CP9 was off the top of the trail map, which seemed odd. When we got to the northwest corner of the trail map, we found an old path that sort of followed the fence line, leading us to the checkpoint in a draw. Cool, we've never been up there.

The only challenge was figuring out how to get from the west fence line over to Longhorn Loop. It didn't actually require a bikewhack, but we did a short one anyway. After punching our last ranch CP, darkness fell. We rode back to the front of Rocky Hill, collected the rest of our stuff, put on headlamps, and started down the road toward Buescher State Park.

CP15 was located just off the road in the park. We passed a team of 2 guys who had skipped Rocky Hill Ranch and were heading back to Bastrop State Park. A couple kilometers up the road, we parked our bikes to head into the woods toward CP14. This looked like a rather tricky one. Kip did some awesome nav along the hilltop, and once we figured out exactly where we were (after a short backtrack), he took us confidently around, down, up, down, and up again, right to the checkpoint.

We heard voices below us and saw bike lights, but had no idea until after the race that we were suddenly really close to Team MOAT. They spent some time finding CP14, getting back on their bikes and out of the area just before we did. We just figured it was another team that had skipped Rocky Hill or something.

On the way back to the bikes we heard honking. Hmm, now what? We sped up a bit getting back to the road, glad to see our bikes were still there. A park ranger or someone like that came by a couple minutes later, glad to see that we were now with our bikes - she said she was about to call the Sheriff!

The rest of the ride back was uneventful, except for a couple stops so John could air up his front tire. It had been leaking since we got onto the paved roads, but it held up long enough that we didn't use quite all of our CO2 cartridges. We took it easy on the uphills, hoping not to wear out anyone's legs just yet. After all, as we said a few times, we're not racing MOAT - they're the National Champions, for goodness sakes.

Back at the TA for the first time in, let's see, 11 hours, we picked up our next clue and a jigsaw puzzle. Fun! MOAT was just leaving the TA when we arrived, huh, that's odd, oh well, we've got a puzzle to work on. The main challenge was figuring out how we would transport the completed puzzle back to the check-in table, then turn the puzzle over to get the coordinates written on the back. We ended up carrying it over on a table top to show Robyn, then using an empty pizza box as a support to turn the puzzle over.

The next leg (#3 of 6, we now saw) was one CP, on foot. The clue was "jalopy", so if we had known that, we would have left without spending time on the puzzle or getting the coordinates! Luckily Art and Robyn know that we can be sneaky little buggers, so they didn't give us the jalopy info until our puzzle was done and back in the box.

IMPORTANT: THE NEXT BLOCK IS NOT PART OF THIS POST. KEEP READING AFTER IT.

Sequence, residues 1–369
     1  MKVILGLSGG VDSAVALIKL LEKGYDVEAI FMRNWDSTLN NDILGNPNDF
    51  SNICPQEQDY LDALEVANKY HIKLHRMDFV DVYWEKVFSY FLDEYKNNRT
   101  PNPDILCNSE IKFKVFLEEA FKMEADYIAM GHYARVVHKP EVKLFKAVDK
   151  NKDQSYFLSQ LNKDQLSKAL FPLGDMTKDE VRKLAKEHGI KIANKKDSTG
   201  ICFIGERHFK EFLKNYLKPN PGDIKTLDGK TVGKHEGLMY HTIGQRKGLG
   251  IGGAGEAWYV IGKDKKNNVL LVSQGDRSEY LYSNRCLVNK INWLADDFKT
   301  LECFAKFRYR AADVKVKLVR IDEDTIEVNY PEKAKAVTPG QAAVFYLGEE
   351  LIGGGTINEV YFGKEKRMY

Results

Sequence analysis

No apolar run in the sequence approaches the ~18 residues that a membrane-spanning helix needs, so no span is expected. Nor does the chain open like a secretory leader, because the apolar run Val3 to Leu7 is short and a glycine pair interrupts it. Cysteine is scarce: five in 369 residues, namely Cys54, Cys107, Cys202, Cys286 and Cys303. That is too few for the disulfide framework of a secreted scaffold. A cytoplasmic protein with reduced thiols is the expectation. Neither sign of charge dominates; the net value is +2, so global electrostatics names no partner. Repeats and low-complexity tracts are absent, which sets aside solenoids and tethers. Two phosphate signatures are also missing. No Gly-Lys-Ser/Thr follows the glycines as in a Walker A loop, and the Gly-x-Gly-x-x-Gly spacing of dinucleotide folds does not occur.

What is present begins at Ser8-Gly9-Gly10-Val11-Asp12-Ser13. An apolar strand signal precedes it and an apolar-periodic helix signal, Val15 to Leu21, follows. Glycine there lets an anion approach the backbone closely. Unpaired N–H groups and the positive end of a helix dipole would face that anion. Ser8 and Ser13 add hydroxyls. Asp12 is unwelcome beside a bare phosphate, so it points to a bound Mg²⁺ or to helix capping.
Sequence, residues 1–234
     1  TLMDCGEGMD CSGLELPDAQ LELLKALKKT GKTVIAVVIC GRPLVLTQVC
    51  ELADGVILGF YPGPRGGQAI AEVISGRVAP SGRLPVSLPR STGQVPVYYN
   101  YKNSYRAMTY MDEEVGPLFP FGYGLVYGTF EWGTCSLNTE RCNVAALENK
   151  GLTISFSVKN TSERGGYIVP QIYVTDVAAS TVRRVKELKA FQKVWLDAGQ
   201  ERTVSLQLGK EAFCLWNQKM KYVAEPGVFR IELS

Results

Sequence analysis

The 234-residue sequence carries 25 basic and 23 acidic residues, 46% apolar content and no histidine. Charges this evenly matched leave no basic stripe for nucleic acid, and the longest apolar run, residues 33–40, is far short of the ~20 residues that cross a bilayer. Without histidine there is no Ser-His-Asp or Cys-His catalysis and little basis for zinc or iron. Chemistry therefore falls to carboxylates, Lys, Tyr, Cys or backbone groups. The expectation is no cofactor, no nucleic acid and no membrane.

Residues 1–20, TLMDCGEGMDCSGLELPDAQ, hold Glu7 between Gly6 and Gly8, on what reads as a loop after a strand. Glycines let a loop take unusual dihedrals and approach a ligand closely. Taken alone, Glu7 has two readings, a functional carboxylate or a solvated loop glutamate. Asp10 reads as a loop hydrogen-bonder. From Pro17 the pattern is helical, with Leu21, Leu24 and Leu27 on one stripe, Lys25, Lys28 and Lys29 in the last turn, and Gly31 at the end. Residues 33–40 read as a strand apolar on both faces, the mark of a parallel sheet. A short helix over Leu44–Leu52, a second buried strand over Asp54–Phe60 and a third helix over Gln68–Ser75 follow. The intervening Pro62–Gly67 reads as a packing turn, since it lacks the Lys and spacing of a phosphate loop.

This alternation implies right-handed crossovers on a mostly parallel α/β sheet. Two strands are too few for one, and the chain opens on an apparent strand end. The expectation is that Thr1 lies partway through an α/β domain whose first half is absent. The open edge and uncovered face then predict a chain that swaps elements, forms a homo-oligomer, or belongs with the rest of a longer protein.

You see, there's only one jalopy in Bastrop State Park - it's an old car off the side of a trail, labeled as "Manmade Junk" on the orienteering map. We ran on park trails down and across to the road on the other side, then up to the jalopy trail. After finding the car and CP16, we reversed tracks and headed back to the TA.

The next leg was a ride-and-tie, i.e. a 4-person team can use 2 bikes. CP17 was at the water tower (which we could have punched 3 times already if we had know it was there). Dave and I rode while Kip and John ran along the road. On the way back, we figured it made sense to try putting all 4 of us on the 2 bikes. John stood on the pedals of my bike and steered down the long hill, while I sat on the seat and hugged him. Kip and Dave managed something similar, although probably with less screaming and hugging.

We saw Team MOAT heading up the hill on bikes - hi again! Through these middle legs we were about 30 minutes behind them. Not bad, since they are the National Champs and all : ) Back at the TA, we got our next set of CP's to plot. Looks like we would be going to the power line, as we had guessed. And also all the way out to the graveyard (spooky!) - wow, that seems like a long ways.

Time to suck it up and ride. We started with the CP on Harmon Road, then rode down the power line. I never enjoy riding on the power line, but we rode only one side this time, and the better side no less, so I have no complaints. Finding the CP was a bit difficult, but luckily Kip spotted it tucked away in a side draw.